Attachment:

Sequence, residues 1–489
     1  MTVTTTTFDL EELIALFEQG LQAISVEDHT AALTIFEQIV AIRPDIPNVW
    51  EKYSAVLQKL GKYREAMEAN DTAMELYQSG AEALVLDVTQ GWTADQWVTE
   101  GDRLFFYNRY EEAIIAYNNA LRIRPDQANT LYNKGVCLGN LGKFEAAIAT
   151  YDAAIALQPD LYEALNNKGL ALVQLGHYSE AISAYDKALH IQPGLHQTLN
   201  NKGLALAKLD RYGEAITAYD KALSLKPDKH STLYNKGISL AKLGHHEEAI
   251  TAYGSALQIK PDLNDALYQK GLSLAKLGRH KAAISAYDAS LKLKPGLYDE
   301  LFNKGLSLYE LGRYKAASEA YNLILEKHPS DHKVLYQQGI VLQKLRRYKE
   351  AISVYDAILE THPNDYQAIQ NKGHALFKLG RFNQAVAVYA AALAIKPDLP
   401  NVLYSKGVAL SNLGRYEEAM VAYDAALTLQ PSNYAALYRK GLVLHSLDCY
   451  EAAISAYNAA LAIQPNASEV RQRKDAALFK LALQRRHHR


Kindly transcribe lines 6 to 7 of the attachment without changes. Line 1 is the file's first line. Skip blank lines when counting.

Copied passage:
   201  NKGLALAKLD RYGEAITAYD KALSLKPDKH STLYNKGISL AKLGHHEEAI
   251  TAYGSALQIK PDLNDALYQK GLSLAKLGRH KAAISAYDAS LKLKPGLYDE